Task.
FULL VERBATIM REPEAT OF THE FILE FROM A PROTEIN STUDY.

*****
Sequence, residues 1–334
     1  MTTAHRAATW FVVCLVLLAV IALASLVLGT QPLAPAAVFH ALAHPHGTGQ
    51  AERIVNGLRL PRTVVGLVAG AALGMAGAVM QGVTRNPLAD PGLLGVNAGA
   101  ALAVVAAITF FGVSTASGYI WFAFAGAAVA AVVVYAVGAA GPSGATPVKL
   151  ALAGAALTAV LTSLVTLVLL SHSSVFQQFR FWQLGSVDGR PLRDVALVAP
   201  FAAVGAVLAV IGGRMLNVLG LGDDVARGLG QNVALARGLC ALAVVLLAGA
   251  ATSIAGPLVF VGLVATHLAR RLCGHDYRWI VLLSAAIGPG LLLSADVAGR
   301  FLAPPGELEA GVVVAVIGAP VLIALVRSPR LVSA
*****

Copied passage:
Sequence, residues 1–334
     1  MTTAHRAATW FVVCLVLLAV IALASLVLGT QPLAPAAVFH ALAHPHGTGQ
    51  AERIVNGLRL PRTVVGLVAG AALGMAGAVM QGVTRNPLAD PGLLGVNAGA
   101  ALAVVAAITF FGVSTASGYI WFAFAGAAVA AVVVYAVGAA GPSGATPVKL
   151  ALAGAALTAV LTSLVTLVLL SHSSVFQQFR FWQLGSVDGR PLRDVALVAP
   201  FAAVGAVLAV IGGRMLNVLG LGDDVARGLG QNVALARGLC ALAVVLLAGA
   251  ATSIAGPLVF VGLVATHLAR RLCGHDYRWI VLLSAAIGPG LLLSADVAGR
   301  FLAPPGELEA GVVVAVIGAP VLIALVRSPR LVSA